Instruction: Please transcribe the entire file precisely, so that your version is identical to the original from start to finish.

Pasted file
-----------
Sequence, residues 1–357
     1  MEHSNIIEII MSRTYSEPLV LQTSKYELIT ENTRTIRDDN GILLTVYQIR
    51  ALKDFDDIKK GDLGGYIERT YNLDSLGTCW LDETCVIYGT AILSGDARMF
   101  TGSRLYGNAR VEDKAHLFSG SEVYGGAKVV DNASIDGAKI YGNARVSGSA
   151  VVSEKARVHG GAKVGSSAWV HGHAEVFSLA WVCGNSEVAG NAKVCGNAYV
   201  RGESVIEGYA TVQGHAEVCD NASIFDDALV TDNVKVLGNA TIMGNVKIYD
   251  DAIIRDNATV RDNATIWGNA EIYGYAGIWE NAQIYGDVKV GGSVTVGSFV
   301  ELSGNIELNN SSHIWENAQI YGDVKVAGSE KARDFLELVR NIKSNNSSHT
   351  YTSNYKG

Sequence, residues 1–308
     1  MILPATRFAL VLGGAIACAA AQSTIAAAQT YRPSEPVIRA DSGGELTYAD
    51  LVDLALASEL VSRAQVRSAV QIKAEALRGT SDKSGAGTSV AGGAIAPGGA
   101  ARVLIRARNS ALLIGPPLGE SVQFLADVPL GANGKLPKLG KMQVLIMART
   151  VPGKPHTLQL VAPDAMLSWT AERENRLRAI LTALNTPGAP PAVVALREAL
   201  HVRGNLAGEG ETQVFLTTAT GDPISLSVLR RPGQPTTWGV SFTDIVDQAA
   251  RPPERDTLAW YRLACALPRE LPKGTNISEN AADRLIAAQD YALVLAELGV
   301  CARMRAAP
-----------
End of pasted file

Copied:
Sequence, residues 1–357
     1  MEHSNIIEII MSRTYSEPLV LQTSKYELIT ENTRTIRDDN GILLTVYQIR
    51  ALKDFDDIKK GDLGGYIERT YNLDSLGTCW LDETCVIYGT AILSGDARMF
   101  TGSRLYGNAR VEDKAHLFSG SEVYGGAKVV DNASIDGAKI YGNARVSGSA
   151  VVSEKARVHG GAKVGSSAWV HGHAEVFSLA WVCGNSEVAG NAKVCGNAYV
   201  RGESVIEGYA TVQGHAEVCD NASIFDDALV TDNVKVLGNA TIMGNVKIYD
   251  DAIIRDNATV RDNATIWGNA EIYGYAGIWE NAQIYGDVKV GGSVTVGSFV
   301  ELSGNIELNN SSHIWENAQI YGDVKVAGSE KARDFLELVR NIKSNNSSHT
   351  YTSNYKG

Sequence, residues 1–308
     1  MILPATRFAL VLGGAIACAA AQSTIAAAQT YRPSEPVIRA DSGGELTYAD
    51  LVDLALASEL VSRAQVRSAV QIKAEALRGT SDKSGAGTSV AGGAIAPGGA
   101  ARVLIRARNS ALLIGPPLGE SVQFLADVPL GANGKLPKLG KMQVLIMART
   151  VPGKPHTLQL VAPDAMLSWT AERENRLRAI LTALNTPGAP PAVVALREAL
   201  HVRGNLAGEG ETQVFLTTAT GDPISLSVLR RPGQPTTWGV SFTDIVDQAA
   251  RPPERDTLAW YRLACALPRE LPKGTNISEN AADRLIAAQD YALVLAELGV
   301  CARMRAAP